Conversation should be pleasant without scurrility, witty without affection, free without indecency, learned without conceitedness, novel without falsehood.” – William Shakespeare
This was certainly the case for 99% of everyone I spoke with on my morning on the Labour street stall in Swanley town centre, Saturday March 23rd 2019.
Canvassing or talking politics to random members of the public is certainly something to be apprehensive about, particularly in times like these when members of our paramilitary are firing rounds at a poster of the leader of the opposition and circulating it online. However, I was pleasantly surprised, not just how much I enjoyed speaking to people and better understanding their concerns, but also the polite nature of it. Yes, obviously there was people uninterested, others even offended at the sight of the Labour emblem emblazoned in plain sight. Yet, in my first experience of speaking to members of the public about politics outside of my own social circle or the confines of local Labour Party meetings was more than encouraging enough for me to consider getting back out onto the streets campaigning for Labour again.
There is something to be said of conversation and its supposed art. This space that is created between friends and strangers alike to express their opinion without offence or scurrility as Shakespeare himself described. Winston Churchill once said “The best argument against democracy is a five-minute conversation with the average voter”, he couldn’t be more wrong. Only in conversations with your ‘average voter’ can you truly understand the very beauty of democracy. The right that we can all exercise our opinion at the ballot box is something that was fought for, not given. This was fought for by the Trade Union movement and subsequently the Labour Party, born out of the opinion of your average worker through conversations between one another. Without the value of conversation and debate on our streets, in our pubs or our workplaces we would be strangled by the governing elite and their aristocracy.
Brexit seemed to dominate conversation in Swanley. The vast majority of people I spoke to explained how they was ‘fed up’ and that politicians should ‘just get on with it’. I sensed a feeling of exasperation of the entire process and how it still dominates the mainstream. Most people I spoke with still wanted to Leave, believing in the argument of reclaiming sovereignty of our nation and ‘taking back control’ . Whilst I have some reservations with these particular arguments, the sentiment was clear, this has gone on too long and needs to be resolved sooner rather than later. We need to find a time and space to have conversations about other social issues that are being suffocated by Brexit – a clear lack of affordable housing and the slashing of public services that so many people on the breadline rely upon, to name but a few.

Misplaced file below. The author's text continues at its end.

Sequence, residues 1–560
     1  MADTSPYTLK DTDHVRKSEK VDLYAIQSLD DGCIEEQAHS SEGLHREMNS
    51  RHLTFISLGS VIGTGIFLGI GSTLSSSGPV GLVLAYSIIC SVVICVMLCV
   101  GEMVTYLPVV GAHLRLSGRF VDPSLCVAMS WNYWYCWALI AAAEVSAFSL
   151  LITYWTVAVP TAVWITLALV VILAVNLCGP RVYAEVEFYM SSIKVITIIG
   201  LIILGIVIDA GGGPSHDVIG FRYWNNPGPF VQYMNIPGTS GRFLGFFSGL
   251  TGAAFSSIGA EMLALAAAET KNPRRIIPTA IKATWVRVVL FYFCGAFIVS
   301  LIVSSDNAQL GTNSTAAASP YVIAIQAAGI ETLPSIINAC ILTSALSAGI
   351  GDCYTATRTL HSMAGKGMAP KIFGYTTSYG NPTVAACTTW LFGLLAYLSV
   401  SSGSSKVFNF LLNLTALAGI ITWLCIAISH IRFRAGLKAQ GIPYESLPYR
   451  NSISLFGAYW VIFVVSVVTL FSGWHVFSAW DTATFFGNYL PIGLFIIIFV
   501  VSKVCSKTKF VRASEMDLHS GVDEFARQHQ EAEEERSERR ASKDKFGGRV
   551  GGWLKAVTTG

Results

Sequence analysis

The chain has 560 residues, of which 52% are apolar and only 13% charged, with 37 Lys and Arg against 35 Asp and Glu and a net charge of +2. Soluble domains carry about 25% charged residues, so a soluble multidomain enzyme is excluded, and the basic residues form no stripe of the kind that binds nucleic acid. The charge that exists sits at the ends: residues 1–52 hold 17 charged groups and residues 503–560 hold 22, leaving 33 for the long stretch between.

I did manage to find one lady who I stood with for close to 20 minutes discussing the political landscape far wider than the Brexit impasse we find ourselves in. She told me how she wanted to see more of an emphasis on new green initiatives, so I invited her to explore the Green New Deal inspired by US activists and adopted by Labour members. We spoke of the closing down of community centres in Swanley and how this damages the elder community and their overall health. I directed her to more information on Sevenoaks Labour manifesto for healthier communities and my personal pledge to focus on trying to deliver better community activities at affordable rates if elected as Labour Councillor in May. Of course, she had an opinion on Brexit too and how she wanted a Peoples Vote and a clearer message from Jeremy Corbyn but it was refreshing, particularly for myself canvassing for the first time, to hear concerns of people I have never met before outside of my own bubble.
Another man I spoke to was concerned with finding a public space for Swanley Rugby club to play their games. This was something not currently provided under the Tory dominated Swanley Council. Whilst another was interested in discussing the Swanley Town centre redevelopment plans and how this would damage the skyline.
This variation highlighted the diverse issues that each member of the public viewed as important to them and their community, be that on a local or national level. My experience reaffirmed for me that conversation and the way it is conducted can offer a better understanding of your average voter’s opinions which is integral to building any meaningful transformative society that represents the many, not the few.